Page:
Lawyers for a private equity investor and a former casino executive facing federal prison in the college admissions scandal known as Operation Varsity Blues filed appeals on Monday seeking to have their convictions overturned.
Both men were accused of making payments to have their children admitted to elite universities as athletic recruits, even though prosecutors charged that they lacked qualifications to play Division 1 sports.
The men, John B. Wilson and Gamal Abdelaziz, face the longest sentences yet imposed on parents in the admissions scandal, in which more than 50 parents and college coaches were prosecuted for conspiring with William Singer, a college admissions counselor, to arrange “side door” admissions, primarily by using slots on athletic teams.
Mr. Wilson and Mr. Abdelaziz make similar arguments in their appeals — that donations to universities in an effort to secure admissions are commonplace and do not constitute bribery.
Mr. Wilson, a former business executive, was convicted in October on bribery charges and sentenced to 15 months in prison. He was accused of agreeing to pay more than $1.5 million to have his three children admitted to the University of Southern California, Harvard and Stanford.
Lawyers for Mr. Wilson, 62, of Lynnfield, Mass., say in court papers that the key claim against him — that he paid $220,000 to bribe his son’s way into a spot on U.S.C.’s water polo team in 2014 — is legally flawed.
None of the money was intended to personally enrich anyone at the school, they wrote in court papers.
“Donating to a university is not bribing its employees; the school cannot be both the victim of the scheme and its beneficiary,” said the filing in the U.S. Court of Appeals in Boston by lawyers for Mr. Wilson, including Noel J. Francisco, the former U.S. solicitor general.
Of the total $220,000, Mr. Singer forwarded $100,000 as a donation to U.S.C.’s water polo team, for which Mr. Wilson received a thank-you note. Another $100,000 went to Mr. Singer’s nonprofit foundation, which Mr. Wilson thought would benefit U.S.C., according to the appeal.
Mr. Wilson’s son, who had played water polo in high school, was admitted to U.S.C. based on exaggerated athletic credentials, according to prosecutors.
But Mr. Wilson’s lawyers argue that similar practices were commonplace at the university.
“The court excluded evidence showing that U.S.C. regularly dressed up donors’ children as athletic recruits, including for practice-only or non-athletic team-support roles,” the appeal said.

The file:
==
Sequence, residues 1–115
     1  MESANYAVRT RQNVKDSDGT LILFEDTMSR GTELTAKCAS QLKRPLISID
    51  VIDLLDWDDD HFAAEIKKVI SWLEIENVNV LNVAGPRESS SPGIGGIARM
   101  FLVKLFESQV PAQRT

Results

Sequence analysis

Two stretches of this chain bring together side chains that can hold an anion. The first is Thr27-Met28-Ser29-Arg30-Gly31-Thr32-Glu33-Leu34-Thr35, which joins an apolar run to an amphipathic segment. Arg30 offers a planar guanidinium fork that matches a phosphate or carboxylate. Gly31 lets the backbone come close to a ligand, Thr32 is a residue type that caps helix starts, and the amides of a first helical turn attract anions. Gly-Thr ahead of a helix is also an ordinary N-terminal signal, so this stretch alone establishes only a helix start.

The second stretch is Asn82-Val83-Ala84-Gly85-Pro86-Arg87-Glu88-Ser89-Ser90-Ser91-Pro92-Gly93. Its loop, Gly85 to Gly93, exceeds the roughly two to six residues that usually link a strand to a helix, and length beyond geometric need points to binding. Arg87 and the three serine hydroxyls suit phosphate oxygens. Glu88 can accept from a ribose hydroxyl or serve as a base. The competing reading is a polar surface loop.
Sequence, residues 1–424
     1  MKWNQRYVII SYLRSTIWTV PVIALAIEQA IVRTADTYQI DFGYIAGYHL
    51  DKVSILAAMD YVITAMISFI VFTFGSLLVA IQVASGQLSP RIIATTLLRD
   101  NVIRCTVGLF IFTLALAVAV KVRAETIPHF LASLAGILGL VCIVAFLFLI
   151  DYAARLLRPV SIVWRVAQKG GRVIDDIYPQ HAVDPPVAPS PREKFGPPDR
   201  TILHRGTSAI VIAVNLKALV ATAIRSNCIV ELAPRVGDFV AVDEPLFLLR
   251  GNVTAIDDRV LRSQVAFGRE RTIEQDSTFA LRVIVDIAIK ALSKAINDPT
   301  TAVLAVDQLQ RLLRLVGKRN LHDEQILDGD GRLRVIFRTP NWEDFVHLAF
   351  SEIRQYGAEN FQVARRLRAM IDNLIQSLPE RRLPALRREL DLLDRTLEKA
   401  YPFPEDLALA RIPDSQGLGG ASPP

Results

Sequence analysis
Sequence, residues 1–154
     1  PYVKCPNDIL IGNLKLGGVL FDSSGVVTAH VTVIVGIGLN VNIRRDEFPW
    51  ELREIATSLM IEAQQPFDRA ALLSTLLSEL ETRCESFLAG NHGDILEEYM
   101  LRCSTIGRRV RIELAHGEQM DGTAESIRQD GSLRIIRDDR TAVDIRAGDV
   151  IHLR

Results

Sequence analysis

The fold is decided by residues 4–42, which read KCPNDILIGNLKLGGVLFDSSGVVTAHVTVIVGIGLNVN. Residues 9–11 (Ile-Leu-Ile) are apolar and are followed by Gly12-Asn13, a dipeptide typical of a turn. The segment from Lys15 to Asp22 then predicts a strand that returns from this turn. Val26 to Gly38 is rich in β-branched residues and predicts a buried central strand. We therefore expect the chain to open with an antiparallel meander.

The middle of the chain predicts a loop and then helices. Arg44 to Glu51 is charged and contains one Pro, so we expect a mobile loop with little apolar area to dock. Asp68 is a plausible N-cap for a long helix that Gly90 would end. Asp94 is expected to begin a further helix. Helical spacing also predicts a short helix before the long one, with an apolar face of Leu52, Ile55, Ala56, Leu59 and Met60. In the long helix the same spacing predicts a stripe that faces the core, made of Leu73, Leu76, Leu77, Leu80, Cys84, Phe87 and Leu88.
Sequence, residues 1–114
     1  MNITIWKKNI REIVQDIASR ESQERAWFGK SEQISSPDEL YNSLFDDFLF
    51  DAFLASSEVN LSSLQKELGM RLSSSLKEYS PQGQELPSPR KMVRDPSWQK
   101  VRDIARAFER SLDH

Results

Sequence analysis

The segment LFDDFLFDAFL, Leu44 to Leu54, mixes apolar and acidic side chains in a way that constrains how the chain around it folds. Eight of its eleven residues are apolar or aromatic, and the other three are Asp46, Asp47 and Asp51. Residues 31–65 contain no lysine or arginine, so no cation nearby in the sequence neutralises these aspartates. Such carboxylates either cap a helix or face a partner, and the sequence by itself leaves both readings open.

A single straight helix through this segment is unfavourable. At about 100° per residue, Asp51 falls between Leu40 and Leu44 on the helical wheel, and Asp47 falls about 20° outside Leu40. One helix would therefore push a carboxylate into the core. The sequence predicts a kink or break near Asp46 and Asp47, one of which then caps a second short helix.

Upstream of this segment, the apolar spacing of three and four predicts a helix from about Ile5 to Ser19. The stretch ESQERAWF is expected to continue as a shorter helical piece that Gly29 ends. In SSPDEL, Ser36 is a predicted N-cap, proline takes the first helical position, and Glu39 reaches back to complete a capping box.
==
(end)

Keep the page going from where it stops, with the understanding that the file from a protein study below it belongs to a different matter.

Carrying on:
All the while, the appeal argued, Mr. Singer was pitching his arrangement to Mr. Wilson as common practice. In one taped conversation, he told Mr. Wilson that he was arranging “730 of these side-door deals at 50 or 60 schools.”
Mr. Abdelaziz, 65, of Las Vegas, was convicted of bribery and fraud in connection with his efforts to secure his daughter’s admission to U.S.C. in 2017, purportedly to play basketball, despite the fact that she did not make her high school’s varsity team. He was sentenced in February to a year and one day in prison.
Key Figures in “Operation Varsity Blues”
More than 50 people charged. In 2019, a federal investigation known as Operation Varsity Blues snared dozens of parents, coaches and exam administrators in a vast college admissions scheme that implicated athletic programs at the University of Southern California, Yale, Stanford and other schools.
In court papers, lawyers for Mr. Abdelaziz argue that he had a longstanding relationship with Mr. Singer, who had assisted his sons with their legitimate college admissions process.
Mr. Singer told him he could help his daughter get into U.S.C. if Mr. Abdelaziz made a donation to its athletic department and his daughter went through the athletic admissions process as a basketball practice player or team manager.
The donation was intended for U.S.C., not any individual at the school, according to court papers. Lauren Janke, a former U.S.C. coach who created a phony athletic profile for Mr. Abdelaziz’s daughter, has also pleaded guilty in the scheme.
In addition to the payments to U.S.C., Mr. Wilson agreed in 2018 to pay Mr. Singer $1.5 million to have his twin daughters admitted to Harvard and Stanford as purported Division 1 sailing recruits, but they never were enrolled.
By that time, Mr. Singer’s conversations with Mr. Wilson and others were being monitored by federal agents in the wide-ranging investigation.
In addition to counts of bribery and fraud, Mr. Wilson also was convicted of filing a false tax return because he deducted part of the payments to Mr. Singer as a business expense.
U.S.C.’s decorated water polo coach, Jovan Vavic, also was convicted this year in connection with the Varsity Blues investigation, which had earlier ensnared the actors Lori Loughlin and Felicity Huffman, who both chose to plead guilty rather than take their chances with a jury.